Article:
General Convention Day 3 (Part 2)

House of Deputies

This evening promised to be a bit of a slog as the House is asked to debate and vote on the budget as well as the Resolution (A059) that redefines the meaning of Prayer Book which was significantly reworked in the House of Bishops yesterday. In the end the process was little drawn out, but the evening was filled with courtesy, respect, and humor and the business of the church moved along very positively.

Budget

The Rev Gay Clark Jennings and the Most Rev Michael Curry preside over a joint session of General Convention for presentation of the proposed budget (Deputy News/Scott Gunn)

There was some small frustration that the budget doesn’t necessarily reflect all of the resolutions that may be passed at this General Convention, leaving their actual funding in question.

An amendment was offered that would reduce the amount asked of the dioceses by 0.25% and draw more heavily on the reserves but would also direct that future budgets be based on a 1/3 reduction in how much is asked from the dioceses. FYI, each diocese is supposed to offer to the whole church an amount equal to 15% of their own revenues. In the past this was an ask, and a number of dioceses (including Texas which is relatively well off) refused to pay anything. This was changed to make it mandatory, but there is till no effective mechanism to ensure dioceses actually do so.

The amendment failed on a voice vote, but then it was sked to do an electronic vote just make sure and it still failed by a significant margin. Finally, the budget is put to the vote and it passes. The budget for the next two years is balanced with income of $100,493,452 and total expenditures of $100,493,452.

 

Book of Common Prayer (A059)

This resolution is a constitutional amendment, so if passed it will need to be passed again in 2024. This would be a rewritten Article X which maintains most of the current processes for approving liturgies for this church, but the key difference is that it redefines the prayerbook as the 1979 book plus other liturgies approved in the same manner (such as Enriching Our Worship). The debate is a very Episcopal one with everyone professing their love of the BCP, no matter whether they or in favor of or against the resolution. In the end, the resolution is adopted with a small amendment to specify that the working group to be formed have nine members, and now it goes back to the House of Bishops to concur (or not).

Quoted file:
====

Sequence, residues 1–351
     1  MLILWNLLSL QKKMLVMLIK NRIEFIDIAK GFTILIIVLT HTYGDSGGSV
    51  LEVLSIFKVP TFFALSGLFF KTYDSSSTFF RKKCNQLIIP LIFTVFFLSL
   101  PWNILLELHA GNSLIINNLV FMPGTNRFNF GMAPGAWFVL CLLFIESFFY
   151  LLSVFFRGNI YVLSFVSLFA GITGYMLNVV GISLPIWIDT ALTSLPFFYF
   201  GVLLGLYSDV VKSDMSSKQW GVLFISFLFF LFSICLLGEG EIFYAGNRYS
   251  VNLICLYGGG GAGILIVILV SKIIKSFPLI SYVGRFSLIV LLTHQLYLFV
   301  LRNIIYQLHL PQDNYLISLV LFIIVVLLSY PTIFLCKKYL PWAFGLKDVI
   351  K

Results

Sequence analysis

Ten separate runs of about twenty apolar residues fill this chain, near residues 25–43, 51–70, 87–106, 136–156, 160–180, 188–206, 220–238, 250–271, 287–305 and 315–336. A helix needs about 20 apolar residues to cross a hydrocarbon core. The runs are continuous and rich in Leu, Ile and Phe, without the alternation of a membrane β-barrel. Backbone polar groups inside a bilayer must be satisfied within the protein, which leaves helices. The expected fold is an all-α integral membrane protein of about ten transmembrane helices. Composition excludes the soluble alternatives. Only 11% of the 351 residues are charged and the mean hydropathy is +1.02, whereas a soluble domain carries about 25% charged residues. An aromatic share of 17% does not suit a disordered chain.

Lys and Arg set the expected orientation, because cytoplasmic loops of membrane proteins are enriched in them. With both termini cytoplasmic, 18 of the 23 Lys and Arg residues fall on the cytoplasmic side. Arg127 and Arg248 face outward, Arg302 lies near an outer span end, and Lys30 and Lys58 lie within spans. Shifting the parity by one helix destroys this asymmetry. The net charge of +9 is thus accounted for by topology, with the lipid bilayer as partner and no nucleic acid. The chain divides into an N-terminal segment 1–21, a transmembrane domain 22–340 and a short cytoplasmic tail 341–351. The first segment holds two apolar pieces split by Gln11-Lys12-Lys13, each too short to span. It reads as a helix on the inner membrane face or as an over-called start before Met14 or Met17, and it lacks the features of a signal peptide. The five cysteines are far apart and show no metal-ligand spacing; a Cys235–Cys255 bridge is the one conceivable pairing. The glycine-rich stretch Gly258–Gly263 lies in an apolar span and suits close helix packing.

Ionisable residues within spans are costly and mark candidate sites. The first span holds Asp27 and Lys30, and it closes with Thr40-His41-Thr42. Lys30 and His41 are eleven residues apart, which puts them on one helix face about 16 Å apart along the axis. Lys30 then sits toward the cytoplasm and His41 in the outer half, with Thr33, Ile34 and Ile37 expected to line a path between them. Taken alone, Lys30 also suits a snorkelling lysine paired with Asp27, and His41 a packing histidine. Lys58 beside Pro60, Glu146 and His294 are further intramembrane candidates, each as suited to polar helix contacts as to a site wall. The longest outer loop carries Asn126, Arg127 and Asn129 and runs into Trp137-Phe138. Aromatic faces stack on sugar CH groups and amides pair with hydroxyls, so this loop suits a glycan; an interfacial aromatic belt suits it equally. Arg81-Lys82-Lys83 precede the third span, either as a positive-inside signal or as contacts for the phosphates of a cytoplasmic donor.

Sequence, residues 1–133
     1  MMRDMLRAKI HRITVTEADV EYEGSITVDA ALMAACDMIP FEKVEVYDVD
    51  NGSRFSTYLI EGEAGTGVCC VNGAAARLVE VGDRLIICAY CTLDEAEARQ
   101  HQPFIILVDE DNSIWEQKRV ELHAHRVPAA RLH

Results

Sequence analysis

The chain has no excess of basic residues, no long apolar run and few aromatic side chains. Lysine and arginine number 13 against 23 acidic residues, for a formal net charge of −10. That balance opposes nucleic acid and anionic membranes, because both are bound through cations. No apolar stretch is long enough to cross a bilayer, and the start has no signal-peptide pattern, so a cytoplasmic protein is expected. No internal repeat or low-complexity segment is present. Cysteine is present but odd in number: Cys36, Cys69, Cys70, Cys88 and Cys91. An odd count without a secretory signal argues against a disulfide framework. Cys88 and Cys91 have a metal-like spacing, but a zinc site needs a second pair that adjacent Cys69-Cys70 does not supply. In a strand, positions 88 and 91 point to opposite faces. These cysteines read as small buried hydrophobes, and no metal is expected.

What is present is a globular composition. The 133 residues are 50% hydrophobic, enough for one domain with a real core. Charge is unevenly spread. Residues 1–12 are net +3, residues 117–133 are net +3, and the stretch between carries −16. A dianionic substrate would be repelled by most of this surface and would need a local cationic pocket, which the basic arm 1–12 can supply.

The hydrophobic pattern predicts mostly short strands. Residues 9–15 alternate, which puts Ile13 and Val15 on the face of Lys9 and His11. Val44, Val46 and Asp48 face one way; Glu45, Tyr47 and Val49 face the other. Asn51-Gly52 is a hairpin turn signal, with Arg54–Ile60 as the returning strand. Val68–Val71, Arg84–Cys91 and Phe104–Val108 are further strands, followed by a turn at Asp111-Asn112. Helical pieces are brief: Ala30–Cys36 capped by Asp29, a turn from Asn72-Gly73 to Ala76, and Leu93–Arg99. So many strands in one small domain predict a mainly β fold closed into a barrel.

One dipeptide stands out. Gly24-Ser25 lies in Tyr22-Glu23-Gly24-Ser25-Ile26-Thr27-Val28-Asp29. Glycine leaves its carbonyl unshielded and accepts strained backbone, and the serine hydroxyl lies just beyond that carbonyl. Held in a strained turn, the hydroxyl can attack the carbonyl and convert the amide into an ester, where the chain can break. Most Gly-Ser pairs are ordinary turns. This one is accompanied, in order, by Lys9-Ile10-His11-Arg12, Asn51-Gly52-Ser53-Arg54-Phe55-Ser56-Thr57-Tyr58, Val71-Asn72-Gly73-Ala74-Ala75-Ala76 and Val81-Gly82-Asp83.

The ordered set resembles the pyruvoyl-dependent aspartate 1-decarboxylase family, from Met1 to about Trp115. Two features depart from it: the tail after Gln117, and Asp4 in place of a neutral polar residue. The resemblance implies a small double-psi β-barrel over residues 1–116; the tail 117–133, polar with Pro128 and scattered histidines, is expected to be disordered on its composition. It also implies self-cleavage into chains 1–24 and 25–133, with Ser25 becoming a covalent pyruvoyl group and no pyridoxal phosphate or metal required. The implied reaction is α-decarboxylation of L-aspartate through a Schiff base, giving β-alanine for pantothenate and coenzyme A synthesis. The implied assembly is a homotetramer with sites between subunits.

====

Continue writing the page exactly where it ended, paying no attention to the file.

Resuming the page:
We are “all” Saints

Some new “saints” were officially added to the calendar of commemorations in the prayerbook (and new editions of Lesser Feasts and Fasts) by the passing of A007.  But they weren’t quite finished with finding more saints, so they also passed A008 to add three more for trial use.

 

House of Bishops

A pair of Resolutions were offered and approved that will eventually impact our record keeping, namely the annual Parochial Report;

Two other resolutions also passed that offer some hope for the church reimagining itself for effective (and successful) ministry in the 21st century;

  • D047 Addressing our Models for Mission and Ministry which will look at models of community beyond the self-sustaining parish, and…
  • A132 Task Force to Study Congregational Vitality Indicators, which will create a group to look at ways to “measure” the strength of the Spirit in communities of faith. As someone who has worked on this at the diocesan level, most instruments in use today merely measure how closely one adheres to the vision of a suburban parish in 1970 or so and misses so much life while simultaneously offering false hope to parishes that cannot see the fire has long ago gone out (even if the bank accounts haven’t).

And that’s it for Day 3 part 2. Tomorrow is the final day of this 80th General Convention and we’ll be here to pass along whatever happens.

Follow us on social media

Notify me of new articles and posts
Select from this list

The Episcopal Café seeks to be an independent voice, reporting and reflecting on the Episcopal Church and the Anglican tradition.  The Café is not a platform of advocacy, but it does aim to tell the story of the church from the perspective of Progressive Christianity.  Our collective sympathy, as the Café, lies with the project of widening the circle of inclusion within the church and empowering all the baptized for the role to which they have been called as followers of Christ.

The opinions expressed at the Café are those of individual contributors, and, unless otherwise noted, should not be interpreted as official statements of a parish, diocese or other organization. The art and articles that appear here remain the property of their creators.

All Content  © 2017 Episcopal Café